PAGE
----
Table of Contents
- 1 What does it mean if results are generalizable?
- 2 What is generalizable quantitative or qualitative?
- 3 Which method results are generalizable?
- 4 What affects generalizability?
- 5 What is a word for generalizing?
- 6 What is generalizing the result and why is it important?
- 7 How do you know if a study is generalizable?
- 8 What is the best way to determine broad generalizability?
What does it mean if results are generalizable?
So, what is Generalizability? Very simply, generalizability is a measure of how useful the results of a study are for a broader group of people or situations. If the results can only be applied to a very narrow population or in a very specific situation, the results have poor generalizability.
What is generalizable quantitative or qualitative?
Abstract. Generalization, which is an act of reasoning that involves drawing broad inferences from particular observations, is widely-acknowledged as a quality standard in quantitative research, but is more controversial in qualitative research.
What is another word for generalizable?
Generalizable Synonyms – WordHippo Thesaurus….What is another word for generalizable?
What does Generalisation mean in research?
Generalization refers to the extent to which findings of an empirical investigation hold for a variation of populations and settings. Generalization pertains to various aspects of a research design, including participants, settings, measurements, and experimental treatments.
Which method results are generalizable?
Quantitative methods allow some generalizability. Experimental research, for example, often produces generalizable results.
What affects generalizability?
The generalizability of a study’s results depends on the researcher’s ability to separate the “relevant” from the “irrelevant” facts of the study, and then carry forward a judgment about the relevant facts,2 which would be easy if we always knew what might eventually turn out to be relevant.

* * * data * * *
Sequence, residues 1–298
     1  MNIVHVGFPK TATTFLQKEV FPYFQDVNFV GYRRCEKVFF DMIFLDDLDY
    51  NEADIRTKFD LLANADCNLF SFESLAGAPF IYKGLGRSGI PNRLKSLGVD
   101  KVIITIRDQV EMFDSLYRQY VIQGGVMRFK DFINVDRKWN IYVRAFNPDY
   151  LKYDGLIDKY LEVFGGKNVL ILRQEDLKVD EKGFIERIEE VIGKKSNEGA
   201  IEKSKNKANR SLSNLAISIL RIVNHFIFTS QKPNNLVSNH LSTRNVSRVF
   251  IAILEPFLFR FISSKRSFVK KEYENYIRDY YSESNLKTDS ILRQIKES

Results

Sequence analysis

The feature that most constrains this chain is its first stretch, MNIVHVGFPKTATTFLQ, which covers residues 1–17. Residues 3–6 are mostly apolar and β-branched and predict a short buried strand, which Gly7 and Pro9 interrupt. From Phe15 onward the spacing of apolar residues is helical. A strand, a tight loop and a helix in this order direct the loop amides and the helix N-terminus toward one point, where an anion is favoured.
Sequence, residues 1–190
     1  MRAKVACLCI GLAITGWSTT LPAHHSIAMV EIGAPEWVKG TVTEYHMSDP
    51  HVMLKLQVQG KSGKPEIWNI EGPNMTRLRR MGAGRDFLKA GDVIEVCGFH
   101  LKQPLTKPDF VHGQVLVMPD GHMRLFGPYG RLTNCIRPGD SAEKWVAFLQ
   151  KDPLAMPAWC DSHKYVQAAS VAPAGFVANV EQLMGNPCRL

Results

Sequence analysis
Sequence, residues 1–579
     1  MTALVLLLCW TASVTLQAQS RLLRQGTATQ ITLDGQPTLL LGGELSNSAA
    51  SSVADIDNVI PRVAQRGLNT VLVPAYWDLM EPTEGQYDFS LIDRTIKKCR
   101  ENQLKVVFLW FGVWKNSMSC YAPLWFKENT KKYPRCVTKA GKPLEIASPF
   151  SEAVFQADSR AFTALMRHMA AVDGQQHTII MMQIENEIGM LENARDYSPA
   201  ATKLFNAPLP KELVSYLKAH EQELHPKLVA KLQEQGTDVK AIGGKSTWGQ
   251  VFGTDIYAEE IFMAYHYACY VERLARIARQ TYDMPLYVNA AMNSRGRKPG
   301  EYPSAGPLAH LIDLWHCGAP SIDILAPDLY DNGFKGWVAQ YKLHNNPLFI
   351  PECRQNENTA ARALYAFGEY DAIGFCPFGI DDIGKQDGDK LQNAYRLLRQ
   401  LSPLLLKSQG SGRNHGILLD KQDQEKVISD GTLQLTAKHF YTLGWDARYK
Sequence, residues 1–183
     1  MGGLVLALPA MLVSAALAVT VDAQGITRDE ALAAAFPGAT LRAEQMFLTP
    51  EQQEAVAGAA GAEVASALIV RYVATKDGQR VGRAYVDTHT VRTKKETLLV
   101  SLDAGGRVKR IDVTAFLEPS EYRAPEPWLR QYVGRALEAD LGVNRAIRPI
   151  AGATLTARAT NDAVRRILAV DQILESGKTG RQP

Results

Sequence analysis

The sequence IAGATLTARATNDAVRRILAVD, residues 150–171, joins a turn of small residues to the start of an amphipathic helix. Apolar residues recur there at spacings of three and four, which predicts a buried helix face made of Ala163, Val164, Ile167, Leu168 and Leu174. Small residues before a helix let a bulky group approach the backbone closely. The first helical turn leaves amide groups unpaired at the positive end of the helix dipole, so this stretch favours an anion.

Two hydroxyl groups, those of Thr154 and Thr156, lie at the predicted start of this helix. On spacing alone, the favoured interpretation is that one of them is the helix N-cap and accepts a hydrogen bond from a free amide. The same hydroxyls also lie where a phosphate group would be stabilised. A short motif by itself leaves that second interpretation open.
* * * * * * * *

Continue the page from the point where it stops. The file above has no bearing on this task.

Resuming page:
Why are results of qualitative research lack generalizability?
The qualitative researchers argue that the aim behind qualitative research is not to achieve generalizability as the results are only relevant to a small group of population. The researchers working on quantitative research methods think that qualitative research lacks in external validity.
Are qualitative results generalizable?
Generalisable: Qualitative findings are not generalisable (extending findings from study sample to the population at large); however, they are not intended to be.
What is a word for generalizing?
In this page you can discover 50 synonyms, antonyms, idiomatic expressions, and related words for generalize, like: spread, theorize, deduce, derive, specific, discern affinities, globalize, hypothesize, stereotype, speculate and postulate.
What is generalizing the result and why is it important?
Generalization is an essential component of the wider scientific process. In an ideal world, to test a hypothesis, you would sample an entire population. It is what allows researchers to take what they have learnt on a small scale and relate it more broadly to the bigger picture.
What is generalization and interpretation?
Generalization – A general statement: a statement about a group of people or things that is based on only a few people or things in the group Interpretation – The act or result of explaining or interpreting something: the way something is explained or understand.
What is generalizability in psychology?
To answer this question, we first need to understand the concept of generalizability. In its simplest form, generalizability can be described as making predictions based on past observations. In other words, if something has often happened in the past, it will likely occur in the future.
How do you know if a study is generalizable?
If the results of a study are broadly applicable to many different types of people or situations, the study is said to have good generalizability. If the results can only be applied to a very narrow population or in a very specific situation, the results have poor generalizability.
What is the best way to determine broad generalizability?
Because sound generalizability requires data on large populations, quantitative research — experimental for instance — provides the best foundation for producing broad generalizability. The larger the sample population, the more one can generalize the results.
What are some examples of generalizability in everyday life?
An example of generalizability in everyday life involves driving. Operating an automobile in traffic requires that drivers make assumptions about the likely outcome of certain actions.